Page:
North Carolina is celebrating National Aviation Day all across the state. President Roosevelt established and observed the first National Aviation Day in 1939. The holiday falls on Orville Wright’s birthday.
Aviation-related business contribute more than $52 billion to NC’s economy each year, and supports more than 307,000 jobs accoridng to the North Carolina Department of Transportation.
Find out more and view more photos by using #NationalAviationDay on social media.
In observance of the holiday, all Town of Elizabethtown offices will be closed Thursday, July 4 , 2019. The offices will reopen for regular business on Friday, July 5, 2019.
There will be no changes to the sanitation schedule!!!
The sanitation collection schedule for the holiday week is as follows: for residents who receive normal sanitation collection service on Wednesday, the collection schedule will be on Wednesday; for those residents who receive normal sanitation collection service on Thursday, the collection schedule will be on Thursday; and for those residents who receive normal sanitation collection service on Friday, the collection schedule will be on Friday.
FAYETTEVILLE – In its May meeting, the N.C. Board of Transportation approved state and federal grants for projects to bolster the economy and improve safety at nine North Carolina airports.
Nearly $13.6 million in state and federal funding has been granted for projects that will help these airports grow, such as new hangar sites and updated safety lighting.
About $4.1 million of that funding will go to Statesville Regional Airport to construct a new aircraft parking apron and car parking lot, from a specific NCDOT Division of Aviation fund for economic development projects. A tenant at that airport that flies NASCAR teams and their families to races across the country has grown twice as fast as expected, and this project is the first step to moving them to a new facility that will meet their current and future needs.
“This will also open up new land for future tenants who may be looking to locate at our airport, and help us keep pace with growth in the region,” said John Ferguson, Statesville Regional Airport’s manager. “This will keep good, well-paid jobs here in Statesville and help attract more opportunities in the future.”
The projects the N.C. Board of Transportation approved are:
$291,600 to install a new Precision Approach Path Indicator light system at Anson County Airport,
$70,862 for costs associated with land acquisition at Cape Fear Regional Jetport in Southport,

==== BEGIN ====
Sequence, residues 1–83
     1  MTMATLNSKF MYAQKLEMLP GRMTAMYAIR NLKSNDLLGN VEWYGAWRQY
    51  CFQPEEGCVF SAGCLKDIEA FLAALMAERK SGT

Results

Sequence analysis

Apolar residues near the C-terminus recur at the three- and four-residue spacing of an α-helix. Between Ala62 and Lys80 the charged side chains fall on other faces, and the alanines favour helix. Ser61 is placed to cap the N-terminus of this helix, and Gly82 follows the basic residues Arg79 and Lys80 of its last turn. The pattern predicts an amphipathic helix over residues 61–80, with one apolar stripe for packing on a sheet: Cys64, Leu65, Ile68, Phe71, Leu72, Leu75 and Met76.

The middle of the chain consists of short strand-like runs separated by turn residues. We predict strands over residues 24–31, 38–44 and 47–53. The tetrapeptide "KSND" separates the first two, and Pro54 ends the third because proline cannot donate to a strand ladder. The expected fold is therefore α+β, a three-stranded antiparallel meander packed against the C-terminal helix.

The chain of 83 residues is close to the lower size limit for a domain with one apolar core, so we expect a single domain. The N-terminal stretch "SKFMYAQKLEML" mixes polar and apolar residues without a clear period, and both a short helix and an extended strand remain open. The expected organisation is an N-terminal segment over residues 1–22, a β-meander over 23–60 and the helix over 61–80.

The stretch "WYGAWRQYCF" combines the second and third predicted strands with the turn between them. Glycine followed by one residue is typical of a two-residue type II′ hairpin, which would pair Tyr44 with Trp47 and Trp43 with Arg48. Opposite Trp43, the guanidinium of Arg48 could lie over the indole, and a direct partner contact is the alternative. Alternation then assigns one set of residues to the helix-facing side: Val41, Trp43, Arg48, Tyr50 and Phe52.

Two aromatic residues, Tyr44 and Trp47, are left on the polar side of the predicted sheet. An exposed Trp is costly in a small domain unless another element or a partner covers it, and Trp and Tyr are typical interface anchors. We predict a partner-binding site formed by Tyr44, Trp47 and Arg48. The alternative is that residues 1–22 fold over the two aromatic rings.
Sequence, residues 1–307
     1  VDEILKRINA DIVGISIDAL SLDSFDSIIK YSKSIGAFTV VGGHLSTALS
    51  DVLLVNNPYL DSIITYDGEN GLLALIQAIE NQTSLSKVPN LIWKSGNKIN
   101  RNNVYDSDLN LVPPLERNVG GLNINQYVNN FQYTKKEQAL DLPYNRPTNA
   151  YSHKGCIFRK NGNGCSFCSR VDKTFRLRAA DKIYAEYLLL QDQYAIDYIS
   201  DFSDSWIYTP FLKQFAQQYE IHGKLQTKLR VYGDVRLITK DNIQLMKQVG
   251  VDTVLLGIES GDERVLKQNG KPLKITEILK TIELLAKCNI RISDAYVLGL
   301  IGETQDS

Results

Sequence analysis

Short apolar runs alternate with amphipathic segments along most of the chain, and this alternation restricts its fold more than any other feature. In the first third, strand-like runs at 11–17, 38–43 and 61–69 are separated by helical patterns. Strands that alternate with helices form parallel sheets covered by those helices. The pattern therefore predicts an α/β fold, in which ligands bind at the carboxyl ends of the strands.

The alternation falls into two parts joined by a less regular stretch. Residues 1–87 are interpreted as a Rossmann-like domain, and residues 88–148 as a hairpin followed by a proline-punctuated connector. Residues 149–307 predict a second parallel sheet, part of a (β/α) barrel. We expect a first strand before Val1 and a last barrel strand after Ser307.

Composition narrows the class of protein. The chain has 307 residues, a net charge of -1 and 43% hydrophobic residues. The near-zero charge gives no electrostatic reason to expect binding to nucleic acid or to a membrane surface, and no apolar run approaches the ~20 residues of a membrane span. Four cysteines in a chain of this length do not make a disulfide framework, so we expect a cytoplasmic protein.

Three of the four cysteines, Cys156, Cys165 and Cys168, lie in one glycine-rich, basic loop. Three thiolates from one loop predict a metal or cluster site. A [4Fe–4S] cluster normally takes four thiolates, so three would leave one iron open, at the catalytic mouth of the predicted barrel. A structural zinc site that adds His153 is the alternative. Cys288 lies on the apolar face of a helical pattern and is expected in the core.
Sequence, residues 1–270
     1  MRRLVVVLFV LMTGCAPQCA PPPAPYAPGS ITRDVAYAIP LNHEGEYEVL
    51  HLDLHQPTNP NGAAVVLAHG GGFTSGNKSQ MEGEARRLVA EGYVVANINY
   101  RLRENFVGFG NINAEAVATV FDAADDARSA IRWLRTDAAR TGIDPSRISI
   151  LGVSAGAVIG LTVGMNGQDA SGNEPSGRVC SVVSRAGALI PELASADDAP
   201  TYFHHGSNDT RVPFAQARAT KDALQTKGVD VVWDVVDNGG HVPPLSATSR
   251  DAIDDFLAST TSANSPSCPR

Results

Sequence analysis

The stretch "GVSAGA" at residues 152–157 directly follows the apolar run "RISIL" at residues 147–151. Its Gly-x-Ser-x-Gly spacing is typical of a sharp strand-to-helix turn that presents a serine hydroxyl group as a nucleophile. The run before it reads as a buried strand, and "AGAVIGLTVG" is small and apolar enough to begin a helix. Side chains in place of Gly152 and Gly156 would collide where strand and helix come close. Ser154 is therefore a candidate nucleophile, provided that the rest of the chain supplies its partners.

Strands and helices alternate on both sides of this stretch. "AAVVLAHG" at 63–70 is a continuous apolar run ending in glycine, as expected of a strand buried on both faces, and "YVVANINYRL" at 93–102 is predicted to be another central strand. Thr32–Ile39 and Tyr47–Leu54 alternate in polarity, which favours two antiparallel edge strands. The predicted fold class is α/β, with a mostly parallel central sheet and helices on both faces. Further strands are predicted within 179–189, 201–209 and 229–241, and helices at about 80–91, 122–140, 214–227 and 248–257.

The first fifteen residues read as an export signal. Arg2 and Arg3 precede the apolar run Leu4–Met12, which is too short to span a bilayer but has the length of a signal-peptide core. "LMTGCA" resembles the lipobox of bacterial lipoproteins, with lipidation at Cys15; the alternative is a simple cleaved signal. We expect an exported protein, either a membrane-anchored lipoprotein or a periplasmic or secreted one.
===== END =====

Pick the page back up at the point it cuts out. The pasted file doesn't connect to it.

$1,593,000 in additional funding for apron rehabilitation at Charlotte-Monroe Executive Airport,
$1,075,570 for the development of a site for T-hangars to store small, private aircraft at Duplin County Airport,
$560,000 in additional economic development funds towards site development for a fixed-based operator and maintenance facility at Johnston Regional Airport,
$270,000 for the design of a partial parallel taxiway for Runway 23 at Lumberton Regional Airport,
$306,000 in additional funding to remove underground fuel tanks and install a new above-ground system at Rockingham County Airport,
$3,500,000 in funding from the Statewide Transportation Improvement Program to construct a taxiway and hangars at Rocky Mount-Wilson Regional Airport,
$4,112,600 in economic development funding for a new apron and aircraft parking area, and $1,800,000 to install lights on the new eastside parallel taxiway and put in a new lighting vault for future expansion at Statesville Regional Airport.
North Carolina airports serve as a vital economic engine connecting people and business enterprises with the world, and are among the primary economic drivers in their communities. Airports and aviation-related industries contribute more than $52 billion to North Carolina’s economy each year, according to the 2019 State of Aviation report. They support 307,000 jobs, generate more than $2.2 billion in state and local tax revenue and provide more than $12.6 billion in personal income.
The funds awarded do not necessarily represent the total cost of the project.
The new Mac Campbell Sr. Terminal Building at the Elizabethtown Airport (Curtis Brown Field) has been in use since the ribbon cutting in early March 2019. Today the facility hosted the North Carolina Airport Association Regional Meeting, according to Town of Elizabethtown Manger, Eddie Madden.
“I want to recognize and thank Eddie Madden. Thank you for continuing to help our airport grow and our town to grow,” said Mayor Campbell during the ribbon cutting.